At SDCC, Microsoft threw a Halo 4 promotional party in the after-hours. Sure, food and drinks were served. But the attendees were a little too busy getting drunk on Halo 4.
The basic overall gameplay is mostly similar to that of Halo: Reach, especially with the additions from that game such as assassinations when (hard) meleeing someone from behind or the special abilities that come from specific load-outs (Active camo, rocket packs, etc.). The loadouts appeared to be more customizable than before, giving the player a chance to choose the rifle, pistol and grenade assortment they spawn with. We got our hands on two of the new weapons such as: the Scattershot – a gun that resembles the makings of a buckshot-shotgun which fires ricocheting projectiles and the Stick Detonator – a sort of sticky-bomb launcher that can be detonated remotely by the user.
Some of the newer armor abilities we had the chance to try out included a kind of heat vision that seemed to come straight out of Predator. Another was a “Riot Shield” that work like the jackals, instead it was a bit larger. When playing Team Slayer, we noticed an new personal ordinance drop in which players are given a choice from a randomized selection of three weapon drops. They can also choose exactly when they want the weapon drop to occur to allow them to time a pick-up when enemies aren’t around to interrupt their gift-unwrapping.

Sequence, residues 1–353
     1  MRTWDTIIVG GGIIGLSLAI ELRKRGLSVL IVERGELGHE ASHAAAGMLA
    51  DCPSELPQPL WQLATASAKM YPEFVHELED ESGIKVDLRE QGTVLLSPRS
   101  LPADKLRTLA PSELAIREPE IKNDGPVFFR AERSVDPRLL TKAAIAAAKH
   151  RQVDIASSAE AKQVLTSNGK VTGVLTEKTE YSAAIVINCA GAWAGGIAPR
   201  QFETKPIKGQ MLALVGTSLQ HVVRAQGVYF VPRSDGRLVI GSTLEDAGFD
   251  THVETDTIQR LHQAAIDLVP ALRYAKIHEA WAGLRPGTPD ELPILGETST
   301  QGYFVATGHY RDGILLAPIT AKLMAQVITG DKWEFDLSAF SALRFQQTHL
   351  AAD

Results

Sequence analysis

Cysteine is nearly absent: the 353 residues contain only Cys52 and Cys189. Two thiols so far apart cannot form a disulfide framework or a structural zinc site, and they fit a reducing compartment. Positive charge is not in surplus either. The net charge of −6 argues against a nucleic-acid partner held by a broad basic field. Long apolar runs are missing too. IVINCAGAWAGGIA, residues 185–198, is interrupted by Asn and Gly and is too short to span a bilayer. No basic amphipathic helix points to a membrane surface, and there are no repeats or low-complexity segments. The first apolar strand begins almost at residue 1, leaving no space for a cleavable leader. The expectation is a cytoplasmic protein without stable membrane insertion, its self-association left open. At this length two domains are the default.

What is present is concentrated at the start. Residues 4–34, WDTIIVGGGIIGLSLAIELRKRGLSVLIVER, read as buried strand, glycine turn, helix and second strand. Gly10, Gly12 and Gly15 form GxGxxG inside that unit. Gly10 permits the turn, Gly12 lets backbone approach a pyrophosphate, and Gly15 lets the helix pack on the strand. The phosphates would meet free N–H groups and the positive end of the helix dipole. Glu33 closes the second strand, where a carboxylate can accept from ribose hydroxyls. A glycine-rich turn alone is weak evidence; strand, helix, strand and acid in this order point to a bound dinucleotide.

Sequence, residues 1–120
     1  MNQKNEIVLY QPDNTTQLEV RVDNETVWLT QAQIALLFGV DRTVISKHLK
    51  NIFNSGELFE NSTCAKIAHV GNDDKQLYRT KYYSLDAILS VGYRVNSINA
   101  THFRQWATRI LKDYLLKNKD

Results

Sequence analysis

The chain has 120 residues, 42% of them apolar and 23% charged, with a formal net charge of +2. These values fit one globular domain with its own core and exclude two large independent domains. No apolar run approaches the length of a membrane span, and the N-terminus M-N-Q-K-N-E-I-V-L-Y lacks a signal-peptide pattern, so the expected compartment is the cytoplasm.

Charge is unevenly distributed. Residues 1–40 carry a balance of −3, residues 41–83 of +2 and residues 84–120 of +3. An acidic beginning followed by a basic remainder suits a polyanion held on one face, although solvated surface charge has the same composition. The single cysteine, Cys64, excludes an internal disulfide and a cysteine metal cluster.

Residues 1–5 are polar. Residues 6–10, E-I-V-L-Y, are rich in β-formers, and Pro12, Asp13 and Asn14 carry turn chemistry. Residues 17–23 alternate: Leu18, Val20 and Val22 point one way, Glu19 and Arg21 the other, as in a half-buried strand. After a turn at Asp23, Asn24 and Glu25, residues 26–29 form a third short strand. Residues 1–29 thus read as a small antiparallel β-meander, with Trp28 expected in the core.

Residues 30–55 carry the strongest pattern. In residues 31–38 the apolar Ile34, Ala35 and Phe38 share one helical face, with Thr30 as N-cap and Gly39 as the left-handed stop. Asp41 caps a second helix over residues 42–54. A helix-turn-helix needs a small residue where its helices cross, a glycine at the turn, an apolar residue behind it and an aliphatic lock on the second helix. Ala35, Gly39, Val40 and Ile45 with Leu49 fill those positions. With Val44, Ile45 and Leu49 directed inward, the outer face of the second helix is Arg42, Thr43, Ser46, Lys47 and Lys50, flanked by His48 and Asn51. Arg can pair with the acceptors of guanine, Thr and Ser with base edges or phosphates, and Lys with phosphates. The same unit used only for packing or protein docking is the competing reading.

A new mode, Spartan Ops, was also introduced. This mode features four player Co-op in weekly shorts that build up an overall developing story line. Microsoft reps indicated that there will be five new episodes every week. Each episode will feature cinematics before each mission explaining said mission and adding to the overall plot. Our demo of this mode had us playing for about 15 minutes, and that included the mission intro.
Although a demo was not available on the floor for this mode, we also heard about a new Free-for-All mode called Regicide. This mode exists as an effort to keep the level of gameplay fair amongst players of varying Halo experience. The players in first place will have a constant marker over their heads, showing their opponents where they are at all times. Over time, as the player stays alive, the value of points gained from killing him/her steadily grows – giving more incentive to the other players to take out whomever is on top. No more full-game hiding in that hard-to-reach corner that you climbed using two grenades, a ghost, and a MacGyver-standard-dental-floss.